Why Recruiting Might Be the Right Field for Veterans and Their Loved Ones
When guiding veterans toward civilian employment options, there’s one field in particular that recruiters may not want to overlook: recruiting.
“Recruiting is a fitting career for veterans who are reassimilated into civilian life, as veteran recruiters have the advantage of identifying good fits for the skills [other veterans] have experienced and cultivated while serving,” Linton says.
In other words, when veterans become recruiters, they create a kind of job placement network for other veterans. A recruiter who is also a veteran can use their own knowledge of military life to help other veterans connect with the right jobs and the right employers.
Lynn Moye, CEO of the recruiting firm We Can Help Services, agrees with Linton. In fact, she knows from firsthand experience how good veterans can be at recruiting: She herself is a veteran who pursued a career in recruiting.
“When I transitioned to civilian life, I started out in the customer service field,” Moye explains. “I enjoyed that okay, but when I got the chance to try something different — and the opportunity to join a veteran-owned team — I jumped on it!”
That “something different” was a recruiting position at a healthcare recruiting startup. Moye quickly became one of the top senior recruiters on the team, and she strongly believes her experience in the military contributed to her success.
“I was a 75D, which is a personnel records specialist,” Moye explains. “I was one of the first soldiers seen before basic training. I processed all the necessary paperwork [new recruits] needed to officially become soldiers in the US Army.”
Moye has since stuck with recruiting, as she finds the work incredibly fulfilling.
“It is such a rewarding industry!” she says. “The feeling you get when you assist that first client in filling a position that had been open for months — or when you help a candidate find financial stability or just a better career — is priceless! We served in the armed forces for our country, and I believe we should continue to serve where and when we can.”
Recruiting also offers veterans something just as important as an opportunity to continue serving others: flexibility. Recruiting is the kind of career a service member can start training for even before they’ve totally left the military, giving them an edge once they enter the civilian job market.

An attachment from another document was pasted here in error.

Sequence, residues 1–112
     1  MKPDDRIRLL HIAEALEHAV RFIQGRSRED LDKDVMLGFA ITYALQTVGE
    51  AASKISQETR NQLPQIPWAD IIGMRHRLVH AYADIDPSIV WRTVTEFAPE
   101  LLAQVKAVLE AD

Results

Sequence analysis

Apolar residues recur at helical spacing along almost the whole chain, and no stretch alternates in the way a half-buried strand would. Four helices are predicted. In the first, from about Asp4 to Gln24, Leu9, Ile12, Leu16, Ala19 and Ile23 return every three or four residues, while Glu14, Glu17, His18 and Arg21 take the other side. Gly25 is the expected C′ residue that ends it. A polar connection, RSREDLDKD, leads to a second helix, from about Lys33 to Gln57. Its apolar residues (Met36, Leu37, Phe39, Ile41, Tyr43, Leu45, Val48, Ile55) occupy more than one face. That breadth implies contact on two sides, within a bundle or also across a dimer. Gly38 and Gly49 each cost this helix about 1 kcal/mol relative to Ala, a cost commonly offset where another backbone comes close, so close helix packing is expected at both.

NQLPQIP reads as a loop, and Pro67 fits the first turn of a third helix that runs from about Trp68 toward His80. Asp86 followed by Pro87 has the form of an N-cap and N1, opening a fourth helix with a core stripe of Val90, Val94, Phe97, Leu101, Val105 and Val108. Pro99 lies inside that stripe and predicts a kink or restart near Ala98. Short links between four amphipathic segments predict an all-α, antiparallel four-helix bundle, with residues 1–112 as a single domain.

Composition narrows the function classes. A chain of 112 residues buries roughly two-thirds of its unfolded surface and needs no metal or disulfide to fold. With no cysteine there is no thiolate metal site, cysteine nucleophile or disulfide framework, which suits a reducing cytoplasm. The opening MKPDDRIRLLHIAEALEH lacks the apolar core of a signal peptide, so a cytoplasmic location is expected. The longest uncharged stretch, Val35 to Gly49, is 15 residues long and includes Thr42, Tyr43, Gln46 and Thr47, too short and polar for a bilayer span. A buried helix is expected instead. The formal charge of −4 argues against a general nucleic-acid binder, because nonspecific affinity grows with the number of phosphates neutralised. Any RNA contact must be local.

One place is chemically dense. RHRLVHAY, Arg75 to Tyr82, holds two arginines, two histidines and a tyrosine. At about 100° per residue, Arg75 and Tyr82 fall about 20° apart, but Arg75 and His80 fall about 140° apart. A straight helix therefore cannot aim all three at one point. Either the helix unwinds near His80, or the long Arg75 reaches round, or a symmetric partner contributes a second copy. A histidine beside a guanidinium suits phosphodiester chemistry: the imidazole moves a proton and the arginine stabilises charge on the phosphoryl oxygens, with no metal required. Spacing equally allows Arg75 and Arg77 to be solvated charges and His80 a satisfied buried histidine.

For example, the Recruiter.com Certification Program offers a totally online introduction to recruiting, teaching anyone everything they need to succeed in the field regardless of their level of experience. Active-duty service members can take courses on their own time and be fully prepared to begin a recruiting career the moment they retire.
Service members could even start recruiting on the Recruiter.com Job Market Platform on a part-time basis. That allows service members to earn some extra income and bolster their resumes as they prepare for the civilian workforce. Recruiting can serve as either a full-time career or a stopgap as a veteran searches for a role in their desired field — and it can all be done remotely.
Because of its tremendous flexibility, recruiting can also be a great career option for the spouses of active-duty military members. Life for a military spouse often involves a lot of moving around, and because it is a job that can be done from anywhere, recruiting grants some much-needed career continuity through it all. For example, Recruiter.com’s own director of training, Delinda Giles, is a Marine Corps spouse of 21 years. Delinda was able to take her job with her when she moved from Jacksonville, North Carolina, to Okinawa, Japan — without a single moment of interruption.
Plus, given their knowledge of what life is like for the average service member, military spouses who work as recruiters are uniquely positioned to help newly retired veterans find civilian jobs.
For veterans, active-duty service members, and their loved ones, life is full of transitions. Good recruiters can make those transitions seamless and stress-free — and veterans and their spouses can be some of the best recruiters of all.